Monday, December 28, 2009

Guttila-Musila Re-enactment - One who is ungrateful to his appointer will surely be ungrateful to his electors.

Dilrook Kannangara

The Guththila-Musila story is a popular Buddhist Jataka story. Guttila was a musician par excellence serving king Brahmadatta in the North Indian city of Benares. Musila was an ambitious young man keen on learning the Veena. But when Musila approached Guttila, he was refused. Undeterred, Musila stays in Guttila’s house and attends to his blind parents. Consequently, Guttila agrees to teach him. At first Musila faithfully learns. However, once he attained competency he challenges not only Guttila but also his career. Instead of performing at his native city of Udeni, Musila decides to perform in Benares, Guttila’s own city. Without stopping at that he demands from the king that he should replace Guttila. The king arranges a contest. After an epic performance Guttila emerges the better of the two. Along with it people come to know how ungrateful and narrow minded Musila had been and evict him from the kingdom. As Buddhist teachings are eternal, the relevance of this Jataka story is also everlasting. In fact the Guttila-Musila drama is re-enacted in Sri Lanka today!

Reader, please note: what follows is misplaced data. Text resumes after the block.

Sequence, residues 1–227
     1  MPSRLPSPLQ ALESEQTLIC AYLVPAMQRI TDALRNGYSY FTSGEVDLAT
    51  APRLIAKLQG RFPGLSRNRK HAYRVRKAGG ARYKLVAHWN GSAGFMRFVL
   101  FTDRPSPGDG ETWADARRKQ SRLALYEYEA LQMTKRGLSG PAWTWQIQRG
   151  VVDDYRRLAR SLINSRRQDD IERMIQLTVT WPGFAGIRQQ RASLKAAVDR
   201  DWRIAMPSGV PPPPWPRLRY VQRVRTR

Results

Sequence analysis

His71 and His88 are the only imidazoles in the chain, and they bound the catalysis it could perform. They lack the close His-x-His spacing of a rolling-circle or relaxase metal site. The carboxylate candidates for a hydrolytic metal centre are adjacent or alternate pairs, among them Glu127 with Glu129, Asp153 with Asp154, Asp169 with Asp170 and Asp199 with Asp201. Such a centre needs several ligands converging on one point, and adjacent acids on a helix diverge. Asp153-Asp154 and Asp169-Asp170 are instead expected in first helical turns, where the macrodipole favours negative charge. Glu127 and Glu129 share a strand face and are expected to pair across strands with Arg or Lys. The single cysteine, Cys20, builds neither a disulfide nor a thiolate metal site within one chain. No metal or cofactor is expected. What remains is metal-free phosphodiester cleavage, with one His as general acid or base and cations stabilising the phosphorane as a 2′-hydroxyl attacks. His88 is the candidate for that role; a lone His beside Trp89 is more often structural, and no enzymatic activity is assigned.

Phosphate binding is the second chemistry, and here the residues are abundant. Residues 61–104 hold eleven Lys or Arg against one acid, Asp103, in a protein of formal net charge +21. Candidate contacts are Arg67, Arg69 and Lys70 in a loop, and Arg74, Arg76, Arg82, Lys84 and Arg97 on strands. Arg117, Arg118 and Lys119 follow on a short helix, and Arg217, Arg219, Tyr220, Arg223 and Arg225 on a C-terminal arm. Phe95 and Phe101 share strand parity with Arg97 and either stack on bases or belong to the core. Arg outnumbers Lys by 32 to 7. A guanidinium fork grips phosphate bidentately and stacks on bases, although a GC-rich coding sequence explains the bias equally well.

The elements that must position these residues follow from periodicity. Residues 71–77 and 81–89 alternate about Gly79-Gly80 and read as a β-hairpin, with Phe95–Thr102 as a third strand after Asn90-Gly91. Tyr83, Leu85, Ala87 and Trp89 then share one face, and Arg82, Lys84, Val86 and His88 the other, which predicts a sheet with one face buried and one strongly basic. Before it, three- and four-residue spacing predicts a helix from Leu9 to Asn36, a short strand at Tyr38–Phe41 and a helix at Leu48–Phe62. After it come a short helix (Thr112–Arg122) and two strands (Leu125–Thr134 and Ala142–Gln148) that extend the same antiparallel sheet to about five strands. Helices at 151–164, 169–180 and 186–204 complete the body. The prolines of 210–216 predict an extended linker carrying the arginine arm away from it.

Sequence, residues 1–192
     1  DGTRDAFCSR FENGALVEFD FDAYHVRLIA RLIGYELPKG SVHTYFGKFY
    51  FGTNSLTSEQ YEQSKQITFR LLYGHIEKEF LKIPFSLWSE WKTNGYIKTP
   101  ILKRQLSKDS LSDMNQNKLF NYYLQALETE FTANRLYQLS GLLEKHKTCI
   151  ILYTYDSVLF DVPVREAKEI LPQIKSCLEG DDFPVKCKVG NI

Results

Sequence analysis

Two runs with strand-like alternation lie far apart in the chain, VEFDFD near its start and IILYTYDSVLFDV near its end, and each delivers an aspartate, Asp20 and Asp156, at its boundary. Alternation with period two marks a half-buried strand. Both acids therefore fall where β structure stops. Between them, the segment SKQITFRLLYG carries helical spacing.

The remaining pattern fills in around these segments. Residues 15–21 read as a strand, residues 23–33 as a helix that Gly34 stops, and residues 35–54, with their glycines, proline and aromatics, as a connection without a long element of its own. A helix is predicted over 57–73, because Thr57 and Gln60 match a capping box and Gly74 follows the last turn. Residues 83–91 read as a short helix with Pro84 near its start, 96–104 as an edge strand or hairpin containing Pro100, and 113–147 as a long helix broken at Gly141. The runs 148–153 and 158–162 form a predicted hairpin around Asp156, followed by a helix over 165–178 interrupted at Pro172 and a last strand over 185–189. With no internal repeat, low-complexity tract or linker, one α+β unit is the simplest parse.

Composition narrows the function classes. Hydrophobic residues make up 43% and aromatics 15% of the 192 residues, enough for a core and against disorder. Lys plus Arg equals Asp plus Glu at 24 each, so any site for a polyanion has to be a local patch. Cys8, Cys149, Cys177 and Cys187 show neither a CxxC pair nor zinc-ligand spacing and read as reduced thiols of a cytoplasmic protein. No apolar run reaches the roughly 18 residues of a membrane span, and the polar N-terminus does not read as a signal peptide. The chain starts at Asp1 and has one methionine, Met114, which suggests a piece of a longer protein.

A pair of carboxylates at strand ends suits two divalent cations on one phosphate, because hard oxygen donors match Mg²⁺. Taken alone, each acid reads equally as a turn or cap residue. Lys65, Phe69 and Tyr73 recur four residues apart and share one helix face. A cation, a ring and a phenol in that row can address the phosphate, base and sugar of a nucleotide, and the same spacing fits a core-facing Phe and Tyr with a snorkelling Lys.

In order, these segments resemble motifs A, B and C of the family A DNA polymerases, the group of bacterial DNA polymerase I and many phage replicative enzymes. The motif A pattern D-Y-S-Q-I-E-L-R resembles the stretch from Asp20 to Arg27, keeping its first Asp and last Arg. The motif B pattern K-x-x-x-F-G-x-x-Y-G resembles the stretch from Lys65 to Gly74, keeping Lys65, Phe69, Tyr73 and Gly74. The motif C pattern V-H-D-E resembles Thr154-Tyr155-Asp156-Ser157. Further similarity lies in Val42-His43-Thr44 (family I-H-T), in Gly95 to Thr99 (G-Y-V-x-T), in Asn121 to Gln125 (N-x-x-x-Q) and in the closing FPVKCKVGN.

It was HE Mahinda Rajapaksa under the instructions of Gotabhaya Rajapaksa (his brother) who appointed Sarath Fonseka to the post of Army Commander in 2005 just 12 days to go for his retirement. It is said that at first the President had objected to Gotabaya’s recommendation because Fonseka had a multitude of offences concerning morality. However, after his brother’s repeated instructions, the President had agreed. Before long, Fonseka displayed his inadequacies. While the President was trying hard to sustain Indian support for the war, which was critical, Fonseka made a scandalous comment against some senior Indian politicians. At the height of the war, he called Tamil Nadu politicians jokers. It was such an unintelligent statement and the government had to immediately apologise on behalf of him to retain critical Indian support. He didn’t stop at that. He made another unwise statement to a Canadian newspaper. He said that he believed that Sri Lanka belonged to the Sinhalas. His statement was widely criticised as being racist but the government stood by him and cleared his name and the good name of the nation while the war was raging.

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